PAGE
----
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Next Generation Principles For Enhancing Student Learning

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Conference

2000 Annual Conference

Location

St. Louis, Missouri

Publication Date

June 18, 2000

Start Date

June 18, 2000

End Date

June 21, 2000

ISSN

2153-5965

Page Count

11

Page Numbers

5.469.1 - 5.469.11

Permanent URL

https://peer.asee.org/8593

Download Count

59

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Paper Authors

author page

Scott Danielson

author page

Sudhir I. Mehta

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Abstract
NOTE: The first page of text has been automatically extracted and included below in lieu of an abstract

Session 1430

Next Generation Principles for Enhancing Student Learning

Sudhir Mehta, Scott Danielson North Dakota State University / Arizona State University East

Abstract

The National Science Foundation recently funded the proposal "Statics: The next generation. "This project incorporates proven pedagogical findings to improve teaching of statics, specifically, and engineering courses in general. Using past and current research, twelve "Next Generation (NG) Principles" are proposed for enhancing student learning. These principles include incorporating active cooperative learning, service learning, writing assignments, technology, high standards of learning and teaching, and a learning support system for students. These principles are being used as a basis for teaching two sections of statics at North Dakota State University (50 and 100 student enrollments) and one section of 22 students at Arizona State University East during the fall semester of 1999. This paper describes the NG principles, their implementation in these statics sections, and initial results. The fundamental intent in using NG principles is to enable high-performance student learning and encourage faculty and students to be active partners in acquiring, constructing, and transforming knowledge.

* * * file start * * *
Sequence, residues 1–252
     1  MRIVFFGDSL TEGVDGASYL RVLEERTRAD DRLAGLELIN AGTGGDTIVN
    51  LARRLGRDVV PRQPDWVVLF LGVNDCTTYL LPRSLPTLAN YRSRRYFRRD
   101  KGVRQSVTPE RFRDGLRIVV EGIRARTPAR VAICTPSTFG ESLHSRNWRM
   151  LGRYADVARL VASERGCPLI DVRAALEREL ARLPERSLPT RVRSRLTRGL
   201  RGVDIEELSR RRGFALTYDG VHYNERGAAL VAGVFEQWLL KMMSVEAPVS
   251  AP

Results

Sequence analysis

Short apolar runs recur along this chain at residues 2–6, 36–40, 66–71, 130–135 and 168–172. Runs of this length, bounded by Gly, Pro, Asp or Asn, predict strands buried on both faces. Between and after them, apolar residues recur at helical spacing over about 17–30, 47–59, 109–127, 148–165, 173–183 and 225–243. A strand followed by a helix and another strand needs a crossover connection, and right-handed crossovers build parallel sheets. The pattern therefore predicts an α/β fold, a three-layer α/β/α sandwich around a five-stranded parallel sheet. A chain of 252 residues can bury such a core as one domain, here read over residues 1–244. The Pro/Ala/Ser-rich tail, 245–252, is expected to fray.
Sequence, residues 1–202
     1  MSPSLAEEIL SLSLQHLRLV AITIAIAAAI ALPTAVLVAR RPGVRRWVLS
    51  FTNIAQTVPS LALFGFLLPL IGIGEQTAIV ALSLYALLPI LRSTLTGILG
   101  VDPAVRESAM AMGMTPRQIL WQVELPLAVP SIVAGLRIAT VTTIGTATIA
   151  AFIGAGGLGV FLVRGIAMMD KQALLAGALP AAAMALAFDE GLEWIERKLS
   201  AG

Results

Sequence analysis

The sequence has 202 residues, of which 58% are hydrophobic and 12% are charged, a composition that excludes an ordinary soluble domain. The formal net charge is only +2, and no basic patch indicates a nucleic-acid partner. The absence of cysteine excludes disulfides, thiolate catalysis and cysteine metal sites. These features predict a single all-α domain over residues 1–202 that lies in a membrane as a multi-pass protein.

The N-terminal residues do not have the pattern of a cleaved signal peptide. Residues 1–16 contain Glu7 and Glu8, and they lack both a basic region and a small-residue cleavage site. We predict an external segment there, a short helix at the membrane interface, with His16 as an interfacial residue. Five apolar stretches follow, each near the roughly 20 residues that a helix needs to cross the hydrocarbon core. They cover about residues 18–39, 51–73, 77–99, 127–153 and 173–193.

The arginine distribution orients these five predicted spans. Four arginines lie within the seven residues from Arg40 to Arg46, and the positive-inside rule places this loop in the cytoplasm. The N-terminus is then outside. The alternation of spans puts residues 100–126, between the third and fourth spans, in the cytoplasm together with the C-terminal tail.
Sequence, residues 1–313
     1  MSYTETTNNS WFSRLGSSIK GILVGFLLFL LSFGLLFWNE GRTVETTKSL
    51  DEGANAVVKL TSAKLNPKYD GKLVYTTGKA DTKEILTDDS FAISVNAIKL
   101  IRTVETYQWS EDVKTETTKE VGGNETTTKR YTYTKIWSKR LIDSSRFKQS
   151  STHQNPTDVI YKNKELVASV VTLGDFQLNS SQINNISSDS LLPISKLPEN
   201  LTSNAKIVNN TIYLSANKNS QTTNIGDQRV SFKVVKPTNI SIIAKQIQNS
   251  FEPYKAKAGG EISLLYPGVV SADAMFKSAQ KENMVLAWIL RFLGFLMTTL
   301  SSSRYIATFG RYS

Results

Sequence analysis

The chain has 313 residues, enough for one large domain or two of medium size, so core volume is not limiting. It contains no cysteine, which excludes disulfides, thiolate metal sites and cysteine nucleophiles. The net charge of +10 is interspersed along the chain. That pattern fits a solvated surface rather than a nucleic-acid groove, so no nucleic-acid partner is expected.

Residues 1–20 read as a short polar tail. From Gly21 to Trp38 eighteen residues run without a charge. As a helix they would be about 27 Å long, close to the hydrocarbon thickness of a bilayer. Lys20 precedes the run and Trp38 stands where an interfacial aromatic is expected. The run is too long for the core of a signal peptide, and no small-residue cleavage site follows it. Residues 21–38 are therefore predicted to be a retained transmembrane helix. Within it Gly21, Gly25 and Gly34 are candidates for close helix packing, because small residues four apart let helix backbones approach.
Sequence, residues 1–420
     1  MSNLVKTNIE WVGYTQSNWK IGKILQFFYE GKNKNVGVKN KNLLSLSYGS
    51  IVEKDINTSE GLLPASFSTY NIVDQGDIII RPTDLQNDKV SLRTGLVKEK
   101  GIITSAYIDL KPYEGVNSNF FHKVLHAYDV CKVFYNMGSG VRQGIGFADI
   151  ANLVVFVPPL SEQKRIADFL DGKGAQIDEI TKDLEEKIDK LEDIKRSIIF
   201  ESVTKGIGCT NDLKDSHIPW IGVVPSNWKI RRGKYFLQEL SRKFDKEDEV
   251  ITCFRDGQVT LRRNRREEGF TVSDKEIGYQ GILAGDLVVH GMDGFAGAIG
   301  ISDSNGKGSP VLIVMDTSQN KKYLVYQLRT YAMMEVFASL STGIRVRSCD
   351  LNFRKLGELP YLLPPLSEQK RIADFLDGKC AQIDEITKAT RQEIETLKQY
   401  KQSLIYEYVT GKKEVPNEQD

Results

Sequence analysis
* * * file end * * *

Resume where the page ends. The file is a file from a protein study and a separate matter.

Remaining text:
I. Introduction

Patricia Cross, a leading educator, recently indicated in her keynote address at the American Association of Higher Education’s (AAHE’s) 1998 National Conference that, “We have more information about learning available to us than ever before in the history of the world.” Herbert Simon, a Nobel Laureate, in his plenary session at the 1997 Frontiers in Education Conference said, “Knowledge about human learning processes has developed to the point where we can do better.” Smith and Waller (1997), using current knowledge about effective teaching and learning succinctly compared old and new paradigms for college teaching (see Table 1).

TABLE 1 Comparison of Old and Next-Generation Paradigms for College Teaching (Smith and Waller, 1997)

OLD PARADIGMS NEXT GENERATION PARADIGMS Teaching assumption Any subject matter expert can teach Teaching is complex and requires considerable training & effort Knowledge Transferred from faculty to students Jointly constructed by students and faculty Students Passive vessel to be filled by Active constructor, discoverer, transformer of faculty’s knowledge knowledge Faculty’s Purpose Classify and sort students Develop students’ competencies and talents Context Competitive/Individualistic Cooperative learning Power Faculty holds and exercises power, Students are empowered: power is shared authority, and control among students and between students and faculty Technology use Drill and practice; substitute Problem solving, communication, collaboration textbook

Danielson, S., & Mehta, S. I. (2000, June), Next Generation Principles For Enhancing Student Learning Paper presented at 2000 Annual Conference, St. Louis, Missouri. https://peer.asee.org/8593

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